partially concealed in the tunnel, which anchors it in place, and partially exposed to facilitate adult emergence. Damage by this insect does not kill the host tree but can create serious defects in the wood as a result of pitch pockets and pitch-filled seams. Eventually, galleries (Fig. 4) beneath the bark and their associated resin deposits are overgrown and incorporated into the sapwood as the tree grows. These defects are not noticed until a damaged log is processed. From a sawtimber standpoint in the northeast, this defect is associated with white pine more than other species. Most damage by pitch mass borer occurs to ornamentals and shade trees around homes or in parks. Unsightly masses of pitch three to four inches wide accumulate during summer, and eventually pitch may trickle down the stem and form long white streaks on the bark. In addition to white pine, common hosts include Norway spruce, blue spruce and Austrian pine. Management recommendations for pitch mass borer are based more on common sense than controlled studies. On yard trees, for instance, the pitch mass can be removed easily and a stiff wire worked into the gallery. The intent is to "spear" the caterpillar. Removal of the insect will stop resin continued on next page

Figure 1 Pitch mass (actual size 4" in diameter).


Figure 2 A clearwing moth (arrow indicates a wing spot devoid of scales).

The New York Forest Owner 38:3 • May/June 2000


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INC. - CONservation

Forestry Consulting Services Timber Sales 2 Timber Management Timber & Timberland Appraisals Natural Resource Management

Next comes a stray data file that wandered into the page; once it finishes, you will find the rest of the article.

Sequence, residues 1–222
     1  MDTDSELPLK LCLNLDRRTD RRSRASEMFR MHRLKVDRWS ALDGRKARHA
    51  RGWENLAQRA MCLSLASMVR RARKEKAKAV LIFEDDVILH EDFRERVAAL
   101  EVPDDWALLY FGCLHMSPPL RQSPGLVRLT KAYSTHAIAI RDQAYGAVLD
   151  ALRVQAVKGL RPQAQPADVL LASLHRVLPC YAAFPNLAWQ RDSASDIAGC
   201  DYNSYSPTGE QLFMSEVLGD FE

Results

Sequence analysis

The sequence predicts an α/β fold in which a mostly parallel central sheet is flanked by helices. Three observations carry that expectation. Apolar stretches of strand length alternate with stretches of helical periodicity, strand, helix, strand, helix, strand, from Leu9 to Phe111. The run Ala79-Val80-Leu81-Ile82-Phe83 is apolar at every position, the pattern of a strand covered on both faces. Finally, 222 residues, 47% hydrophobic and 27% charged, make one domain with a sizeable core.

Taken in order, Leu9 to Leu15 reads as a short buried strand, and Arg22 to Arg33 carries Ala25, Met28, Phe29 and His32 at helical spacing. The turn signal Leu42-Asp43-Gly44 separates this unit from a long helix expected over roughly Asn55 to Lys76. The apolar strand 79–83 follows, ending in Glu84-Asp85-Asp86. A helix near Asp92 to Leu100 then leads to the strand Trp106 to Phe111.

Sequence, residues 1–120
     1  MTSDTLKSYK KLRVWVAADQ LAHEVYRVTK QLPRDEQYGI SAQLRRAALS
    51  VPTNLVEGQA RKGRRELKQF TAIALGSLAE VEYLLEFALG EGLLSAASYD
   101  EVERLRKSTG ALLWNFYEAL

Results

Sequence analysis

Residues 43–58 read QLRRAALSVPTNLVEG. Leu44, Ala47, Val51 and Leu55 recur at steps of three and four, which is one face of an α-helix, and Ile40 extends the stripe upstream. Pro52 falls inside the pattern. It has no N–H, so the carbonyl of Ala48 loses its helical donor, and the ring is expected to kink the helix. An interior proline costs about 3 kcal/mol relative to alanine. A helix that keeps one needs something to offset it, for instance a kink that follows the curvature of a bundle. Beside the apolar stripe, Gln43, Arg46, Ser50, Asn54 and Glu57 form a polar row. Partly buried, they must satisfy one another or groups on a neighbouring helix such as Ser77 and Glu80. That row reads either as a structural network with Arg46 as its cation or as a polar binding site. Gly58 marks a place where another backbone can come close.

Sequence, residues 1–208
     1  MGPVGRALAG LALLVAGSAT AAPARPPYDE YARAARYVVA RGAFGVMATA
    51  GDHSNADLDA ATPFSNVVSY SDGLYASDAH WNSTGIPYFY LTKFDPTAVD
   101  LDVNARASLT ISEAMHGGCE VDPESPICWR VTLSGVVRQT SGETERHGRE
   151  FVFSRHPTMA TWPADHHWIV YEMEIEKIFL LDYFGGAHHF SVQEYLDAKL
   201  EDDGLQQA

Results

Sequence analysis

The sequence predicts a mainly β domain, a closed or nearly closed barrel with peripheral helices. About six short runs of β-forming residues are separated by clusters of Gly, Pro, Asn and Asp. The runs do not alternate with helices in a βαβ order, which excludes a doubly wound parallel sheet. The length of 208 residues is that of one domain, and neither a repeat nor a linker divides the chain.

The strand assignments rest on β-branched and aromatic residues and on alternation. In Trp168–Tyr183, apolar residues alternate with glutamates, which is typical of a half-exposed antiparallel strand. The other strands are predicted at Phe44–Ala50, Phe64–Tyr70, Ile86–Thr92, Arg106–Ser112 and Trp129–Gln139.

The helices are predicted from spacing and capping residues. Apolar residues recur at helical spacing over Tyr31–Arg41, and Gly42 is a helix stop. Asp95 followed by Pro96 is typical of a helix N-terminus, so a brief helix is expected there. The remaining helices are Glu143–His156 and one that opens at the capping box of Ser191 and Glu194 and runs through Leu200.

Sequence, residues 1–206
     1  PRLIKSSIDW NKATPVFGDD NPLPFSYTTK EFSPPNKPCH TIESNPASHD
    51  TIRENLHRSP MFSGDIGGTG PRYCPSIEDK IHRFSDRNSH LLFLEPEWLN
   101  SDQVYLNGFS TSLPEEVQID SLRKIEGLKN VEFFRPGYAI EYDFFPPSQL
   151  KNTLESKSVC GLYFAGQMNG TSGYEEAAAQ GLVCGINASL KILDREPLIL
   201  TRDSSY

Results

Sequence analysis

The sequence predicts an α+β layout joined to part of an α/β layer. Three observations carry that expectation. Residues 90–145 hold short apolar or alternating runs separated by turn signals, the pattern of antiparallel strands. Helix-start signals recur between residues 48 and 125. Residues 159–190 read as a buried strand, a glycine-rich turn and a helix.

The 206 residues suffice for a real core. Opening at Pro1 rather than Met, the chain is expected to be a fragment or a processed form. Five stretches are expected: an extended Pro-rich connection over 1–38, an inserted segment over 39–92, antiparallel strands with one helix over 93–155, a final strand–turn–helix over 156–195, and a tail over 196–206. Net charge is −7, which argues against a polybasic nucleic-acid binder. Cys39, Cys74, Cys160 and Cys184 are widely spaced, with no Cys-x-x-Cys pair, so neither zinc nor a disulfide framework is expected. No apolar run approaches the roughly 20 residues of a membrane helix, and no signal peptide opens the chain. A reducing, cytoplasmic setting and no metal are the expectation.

Figure 3 Caterpillar of pitch mass borer.

flow and allow the gallery and damaged wood to heal. The life cycle requires two to three years; therefore, physical removal of the caterpillar is most effective (i.e., the injury heals more quickly) during the first year when the caterpillar is still relatively small. Avoid physical injury to tree boles and prune trees properly to encourage rapid healing. For example, prune during the dormant season, do not

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leave a stub and cut as close as possible to the bark ridge at the base of the branch without injuring the callus collar. if!.;.. This is the 50th in the series of articles contributed by Dr. Alien, Professor of Entomology at SUNYESF. Reprints of this and the complete series are available from NYFOA. It is also possible to download this collection from the DEe Web page at: http:// dlf/privland/forprot/ health/nyfo/ index. html.



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Figure 4 Feeding gallery of pitch mass borer.

The New York Forest Owner 38:3 • May/June 2000


Tree Value:

A Basis for Woodland Management1 GARY